We are working with the model of a single remote repository that all of us use. We branch for new features and reintegrate into a trunk branch. Our workflow is that we should integrate from trunk into our working branches when other features are integrated into the trunk.

As such, it's not uncommon for us to do:

(branch) $ git commit -a -m"blah blah blah"
(branch) $ git fetch  # origin/trunk is updated
(branch) $ git checkout trunk
(trunk) $ git pull  # trunk is fast-forwarded to current version of origin/trunk.
(trunk) $ git checkout branch
(branch) $ git merge trunk
(branch) $ git push

I don't like the "git checkout trunk/git pull/git checkout branch" cycle. It's usually combined with Visual Studio complaining that all my files and projects have changed on disk, and should it reload them. For both checkouts. And the pull. And the merge. The merge is unavoidable, but because of how git works, it should be able to do the fast-forward on trunk without actually needing to check it out.

But I don't know the command, and my google-foo has failed me on this. Anyone know how?


5 Answers 5


I think the easiest way to avoid the git checkout trunk, git pull, git checkout branch cycle is to use this answer:

git fetch upstream trunk:trunk

This does exactly what you want - fast-forward your local branch trunk to the remote branch's HEAD.

  • 14
    git fetch origin trunk:trunk for the beginners who are not fluent with the generic "upstream" term.
    – pdem
    Jan 5, 2017 at 14:49

Do you really need to update a local trunk branch?

Just fetch origin/trunk and merge it directly in the branch you are working on.
And that is Mark Longair's advice: git: fetch and merge, don’t pull.

Oliver mentions in his answer (upvoted):

git fetch upstream trunk:trunk

As he comments:

you can skip the merge and simply fast-forward, using a one-liner.

It does fast-forward the local branch trunk to the remote branch's HEAD.

See more at "git: update a local branch without checking it out?"

  • 9
    :) I have to say I'm slightly freaked out that you happened to have referred to that post (thanks!) in reply to a user whose namesake is mentioned in its first line... Feb 28, 2011 at 21:28
  • 1
    So your recommendation would be to do "git merge origin/trunk" instead of the checkout/pull/checkout/merge dance? I'll try that the next time this crops up. Feb 28, 2011 at 21:39
  • 2
    Using git fetch upstream trunk:trunk you can skip the merge and simply fast-forward, using a one-liner. See my answer.
    – Oliver
    May 13, 2014 at 15:36
  • @Oliver good point, I didn't see your answer at the time (+1). I have included it in my answer for more visibility.
    – VonC
    May 13, 2014 at 15:41
  • Merging doesn't suit rebasing work in progress scenario, while Oliver's answer does.
    – mlt
    Jun 18, 2015 at 20:21

I agree with VonC's answer, but thought it might be fun to answer the question "How do you fast-forward master if you're on another branch?" anyway. I don't think there's a way to do this just using porcelain commands, but this script does the job (obviously you'd want to change master to trunk in your case):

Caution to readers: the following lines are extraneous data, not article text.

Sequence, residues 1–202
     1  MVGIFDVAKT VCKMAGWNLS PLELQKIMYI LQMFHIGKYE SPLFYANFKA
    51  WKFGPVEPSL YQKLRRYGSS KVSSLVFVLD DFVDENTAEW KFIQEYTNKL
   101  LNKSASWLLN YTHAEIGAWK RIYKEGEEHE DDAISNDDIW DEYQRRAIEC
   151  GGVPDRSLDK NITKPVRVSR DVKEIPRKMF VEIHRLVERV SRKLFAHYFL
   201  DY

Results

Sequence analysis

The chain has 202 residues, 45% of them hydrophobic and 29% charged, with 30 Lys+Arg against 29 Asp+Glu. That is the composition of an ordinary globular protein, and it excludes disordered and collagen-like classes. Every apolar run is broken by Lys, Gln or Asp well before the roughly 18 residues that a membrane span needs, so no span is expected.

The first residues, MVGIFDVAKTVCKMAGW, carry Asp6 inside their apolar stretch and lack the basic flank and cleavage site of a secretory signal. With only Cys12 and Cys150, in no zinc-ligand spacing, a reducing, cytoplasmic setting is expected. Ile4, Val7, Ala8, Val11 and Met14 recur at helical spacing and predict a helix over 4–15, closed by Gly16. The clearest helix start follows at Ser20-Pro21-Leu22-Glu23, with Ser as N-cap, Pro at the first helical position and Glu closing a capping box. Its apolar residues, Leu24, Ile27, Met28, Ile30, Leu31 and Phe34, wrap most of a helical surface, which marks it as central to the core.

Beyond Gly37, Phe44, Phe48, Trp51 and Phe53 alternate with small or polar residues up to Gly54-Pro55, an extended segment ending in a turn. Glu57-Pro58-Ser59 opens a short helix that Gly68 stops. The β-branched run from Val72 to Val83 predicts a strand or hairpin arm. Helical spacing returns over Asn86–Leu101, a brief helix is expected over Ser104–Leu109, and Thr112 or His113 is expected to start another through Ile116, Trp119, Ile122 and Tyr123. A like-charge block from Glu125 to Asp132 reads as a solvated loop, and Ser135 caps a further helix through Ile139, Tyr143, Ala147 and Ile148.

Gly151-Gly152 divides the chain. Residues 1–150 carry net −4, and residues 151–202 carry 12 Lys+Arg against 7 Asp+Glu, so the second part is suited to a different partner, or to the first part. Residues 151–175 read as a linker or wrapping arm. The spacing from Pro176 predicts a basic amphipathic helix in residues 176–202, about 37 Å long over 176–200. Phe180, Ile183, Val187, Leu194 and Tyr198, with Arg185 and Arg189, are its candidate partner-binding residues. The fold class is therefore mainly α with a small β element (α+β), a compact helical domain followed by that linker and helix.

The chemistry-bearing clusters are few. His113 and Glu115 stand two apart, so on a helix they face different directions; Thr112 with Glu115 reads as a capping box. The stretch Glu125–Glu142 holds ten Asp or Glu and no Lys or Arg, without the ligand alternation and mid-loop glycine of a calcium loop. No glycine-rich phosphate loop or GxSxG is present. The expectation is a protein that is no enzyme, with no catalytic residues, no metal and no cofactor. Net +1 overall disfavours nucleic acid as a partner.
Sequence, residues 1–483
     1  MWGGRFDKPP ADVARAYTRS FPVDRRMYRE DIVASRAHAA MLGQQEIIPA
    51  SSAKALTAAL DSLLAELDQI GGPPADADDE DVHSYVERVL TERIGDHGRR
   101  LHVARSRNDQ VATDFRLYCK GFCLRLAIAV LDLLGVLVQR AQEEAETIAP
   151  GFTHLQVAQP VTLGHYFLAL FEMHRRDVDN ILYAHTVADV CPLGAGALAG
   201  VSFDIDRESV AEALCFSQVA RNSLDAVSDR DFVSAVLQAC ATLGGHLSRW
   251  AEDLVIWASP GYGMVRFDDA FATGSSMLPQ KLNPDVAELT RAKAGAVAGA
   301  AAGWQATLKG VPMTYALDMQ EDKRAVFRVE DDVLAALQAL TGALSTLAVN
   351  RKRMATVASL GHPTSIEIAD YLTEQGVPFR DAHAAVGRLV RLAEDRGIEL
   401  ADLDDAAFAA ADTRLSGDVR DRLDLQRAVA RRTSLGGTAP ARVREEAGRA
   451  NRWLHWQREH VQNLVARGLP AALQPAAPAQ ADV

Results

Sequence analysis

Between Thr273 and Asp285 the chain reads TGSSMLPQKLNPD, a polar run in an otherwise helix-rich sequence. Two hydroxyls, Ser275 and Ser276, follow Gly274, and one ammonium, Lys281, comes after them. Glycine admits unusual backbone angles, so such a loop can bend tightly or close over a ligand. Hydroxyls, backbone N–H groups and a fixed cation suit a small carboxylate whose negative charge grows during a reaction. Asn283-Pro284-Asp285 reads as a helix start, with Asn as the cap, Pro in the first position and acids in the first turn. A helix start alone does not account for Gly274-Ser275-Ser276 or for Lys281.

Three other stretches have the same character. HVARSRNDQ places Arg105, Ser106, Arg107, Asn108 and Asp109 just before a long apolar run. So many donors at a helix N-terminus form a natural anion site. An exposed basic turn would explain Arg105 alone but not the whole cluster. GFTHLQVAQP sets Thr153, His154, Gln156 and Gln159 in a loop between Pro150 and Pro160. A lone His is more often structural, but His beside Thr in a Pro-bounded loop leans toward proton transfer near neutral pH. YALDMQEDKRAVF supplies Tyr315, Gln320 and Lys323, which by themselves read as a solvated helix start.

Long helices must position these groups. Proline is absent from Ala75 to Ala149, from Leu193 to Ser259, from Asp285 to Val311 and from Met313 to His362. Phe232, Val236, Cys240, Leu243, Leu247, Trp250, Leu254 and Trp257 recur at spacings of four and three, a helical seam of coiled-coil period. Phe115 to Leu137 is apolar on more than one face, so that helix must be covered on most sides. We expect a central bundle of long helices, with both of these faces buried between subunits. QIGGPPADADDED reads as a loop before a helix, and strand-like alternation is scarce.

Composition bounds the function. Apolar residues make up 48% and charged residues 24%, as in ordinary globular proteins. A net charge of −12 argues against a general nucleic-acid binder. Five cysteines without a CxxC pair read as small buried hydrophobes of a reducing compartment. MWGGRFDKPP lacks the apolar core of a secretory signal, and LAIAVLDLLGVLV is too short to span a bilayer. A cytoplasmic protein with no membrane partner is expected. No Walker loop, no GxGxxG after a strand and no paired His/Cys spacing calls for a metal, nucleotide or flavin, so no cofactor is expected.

if [ x"$(git symbolic-ref HEAD)" = x"refs/heads/$BRANCH" ]
    echo "This doesn't make sense if you're already on the branch '$BRANCH'"
    echo "Just run: git merge $NEWER"
    exit 1

BRANCH_HASH=$(git rev-parse $BRANCH)
NEWER_HASH=$(git rev-parse $NEWER)

    git update-ref "refs/heads/$BRANCH" "$NEWER_HASH" "$BRANCH_HASH"
    echo "$BRANCH can't be fast-forwarded to $NEWER"
    exit 1

Update 2012-10-20: this script was just a quick example; for a script that does the same but for merging any arbitrary commit-ish into a local branch (so long as the merge would be a fast-forward), see Jefromi's answer to a similar question.

  • I thought git used to do something very similar to this but when I just checked git-pull.sh in the source I didn't see any indication it still does. Feb 28, 2011 at 23:43
  • I just used this script - thanks for the tip! I'm surprised this isn't built into git-merge though. You'd have thought it's quite a common use case. Jul 5, 2012 at 17:19
  • 1
    You can do this with git branch -f master origin/master, but you don't want to: If it's not a fast-forward merge you'll lose commits and conflicts. Aug 15, 2012 at 15:40
  • 1
    Over on stackoverflow.com/a/4157435/119963 someone pointed me here; I think my script there does the same thing, but is more fleshed out, so you can safely use it as git merge-ff <branch> <to-merge>.
    – Cascabel
    Oct 20, 2012 at 15:49
  • 1
    You can fast-forward master if you're on another branch with git fetch to fetch the remote branch followed by git fetch . origin/master:master to fast-forward the tracking branch. (Perhaps that wasn't possible 6 years ago ;-) ) May 7, 2019 at 22:42

If you don't need the local copy of trunk, you can just merge the upstream one: git merge origin/trunk, replacing it into your sugested code it ends up as:

(branch) $ git commit -a -m"blah blah blah"
(branch) $ git fetch  # origin/trunk is updated
(branch) $ git merge origin/trunk
(branch) $ git push

Try the following:

$ git pull trunk branch
  • first checkout branch then do git pull git://foo.com/someone/bar.git trunk
    – Pablitorun
    Feb 28, 2011 at 21:53
  • sll I meant was you should be able to do t his all in one step with pull, but as mentioned above some think this isn't the best idea.
    – Pablitorun
    Feb 28, 2011 at 21:55
  • Sorry, it does not really answer the question since it merge the current branch with the remote "trunk" branch, We want to merge (fast forward) the local branch "trunk" with the remote branch "trunk" while beeing on any another branch and without modifing it.
    – pdem
    Jan 5, 2017 at 14:52

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